"A child's learning is the function more of the characteristics of his classmates than those of the teacher." James Coleman, 1972

Monday, November 02, 2009

Jay's Intro

A few days ago, Jay Mathews over at the WaPo asked, "Are Post authors biased?" Jay, is the Pope Catholic? In the same column, readers are invited to submit disclaimers Jay could insert at the top of his blog posts. Submit your own - either here or at WaPo. Below is my suggestion, which is sure to be DENIED:

“Class Struggle” is dedicated to sweeping all dialogue about poverty, economic injustice, and social inequity under the rug in favor of discussing test scores, the saintliness of KIPP, corporate missionaries from TFA, and a litany of other quick-fix education programs and test-happy pedagogical approaches. Show me a test and I’ll pump it; heck, the newspaper I write for pulls in the majority of its profits from Kaplan (do you really think I’d bite the hand that feeds me?). Visit “Class Struggle” any time you want a puff piece on DC Chancellor Michelle Rhee, a sanitized version of charter chaingangs, or just a little bit of reassurance about the legitimacy of the testing regime known as No Child Left Behind. Happy testing, kids!


  1. "Are Post authors biased?" isn't strictly the way I'd put the question, so here's my rewording: "Is here an appearance of ethical conflict in Post education reporting?" The answer is a resounding, thundering-from-the-heavens YES.

    Journalistic ethics call for avoiding THE APPEARANCE OF CONFLICT OF INTEREST. The Post's education reporting presents the appearance of conflict of interest, and thus violates journalistic ethics. Here are some specifics. (Sorry, Jay, but you asked.)

    I eagerly invite specific responses by Jay and other Post education reporters. If anything I'm writing is inaccurate, I will absolutely retract and apologize.

    1. Jay Mathews has written one book about KIPP and I believe is working on a second. These books are clearly more likely to sell if there's widespread favorable opinion of KIPP; if it's viewed as a success. If KIPP's image begins to tarnish and public admiration becomes less widespread, the books are less likely to sell.

    Jay's coverage in the Post and his commentaries vigorously promote KIPP as a success.

    That presents the appearance that Jay's coverage is likely to boost the success of his books. Even if Jay couldn't actually care less if his books make money, that presents the APPEARANCE of conflict of interest. That's a violation of journalistic ethics.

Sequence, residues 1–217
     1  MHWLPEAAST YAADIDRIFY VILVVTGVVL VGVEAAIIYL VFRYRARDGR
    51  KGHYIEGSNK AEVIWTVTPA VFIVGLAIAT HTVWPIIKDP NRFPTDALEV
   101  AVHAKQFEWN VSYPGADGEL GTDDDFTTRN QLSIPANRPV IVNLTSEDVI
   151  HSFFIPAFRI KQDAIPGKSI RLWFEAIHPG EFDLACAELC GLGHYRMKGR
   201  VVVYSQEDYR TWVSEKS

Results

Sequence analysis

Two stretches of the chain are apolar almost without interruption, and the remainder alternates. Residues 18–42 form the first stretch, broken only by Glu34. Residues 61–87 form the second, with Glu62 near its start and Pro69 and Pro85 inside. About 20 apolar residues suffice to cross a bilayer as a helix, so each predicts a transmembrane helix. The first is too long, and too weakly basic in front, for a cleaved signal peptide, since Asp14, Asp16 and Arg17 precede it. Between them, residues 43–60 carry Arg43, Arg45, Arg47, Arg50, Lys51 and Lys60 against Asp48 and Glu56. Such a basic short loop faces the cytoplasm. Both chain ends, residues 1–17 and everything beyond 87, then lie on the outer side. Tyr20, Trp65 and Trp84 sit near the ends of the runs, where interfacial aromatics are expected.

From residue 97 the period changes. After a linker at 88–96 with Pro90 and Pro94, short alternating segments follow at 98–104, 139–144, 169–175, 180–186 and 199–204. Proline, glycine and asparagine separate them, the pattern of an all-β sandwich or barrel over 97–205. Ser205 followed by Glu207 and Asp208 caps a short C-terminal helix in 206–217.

2. Post management is involved in a D.C. civic organization called the Federal City Council, an elite group of top business leaders that fervently supports Mayor Adrian Fenty's takeover of D.C. schools and Michelle Rhee's push for privatization and charterization.

    D.C. contacts tell me that Fenty never once mentioned taking over the schools when he was running for mayor, but that as soon as he was elected, he was closeted in a long meeting with Federal City Council leaders, from which he emerged and immediately announced the mayoral takeover of the schools.

    Now, Post management surely views this involvement as good work for the betterment of the community. However. Due to its involvement in the Federal City Council and the Federal City Council's backing of the mayoral takeover, privatization and charterization, Post management openly supports the push to privatize and charterize D.C. schools. That clearly raises the question of whether Post reporters are given a free hand in their coverage of the Fenty/Rhee leadership of D.C. schools.

    This question becomes more pressing when we consider that the newspaper business is near collapse and the job security of every newspaper journalist in the country is tenuous. It appears quite likely that Post management's support for Fenty/Rhee's leadership will compromise Post journalists' coverage of D.C. schools. That poses the appearance of conflict of interest -- a violation of journalistic ethics.

    3. In a slightly different area of education coverage, the Post owns Newsweek, and Jay Mathews reports for both. Let's turn to that popular high school rankings project.

    Newsweek bases its annual national high school rankings on one single criterion, which is highly controversial among those who pay attention. That criterion is the number of students (percentagewise) in a school who take the AP or International Baccalaureate tests. This is controversial because it's so narrow; it's easily artificially manipulated by a school or district that has the resources; and it favors wealthy schools and districts (for just one thing, AP test fees are $86 each except for students who fall below a near-starvation-level income threshold -- no sliding scale). (The RESULTS of those tests are not part of the calculation -- just the number of students who take the tests.) Here comes the ethical conflict part.

    The Washington Post Co. owns Kaplan, the powerhouse test prep company. Business news coverage tells us that Kaplan is the company's cash cow, while the Post and Newsweek are struggling.

    The criterion used to judge high schools in the annual Newsweek ranking obviously, inherently promotes far more students taking the AP and IB tests. More students taking tests would clearly correlate with more business for Kaplan. That's a very clear ethical conflict of interest as Newsweek creates a rather eccentric,counterintuitive way of judging high schools that promotes its own Kaplan business. This one is so clear-cut that I really can't believe Newsweek isn't regularly called out by Columbia Journalism Review, American Journalism Review and other press watchdogs. So that's another ongoing violation of journalistic ethics in Post/Newsweek education coverage.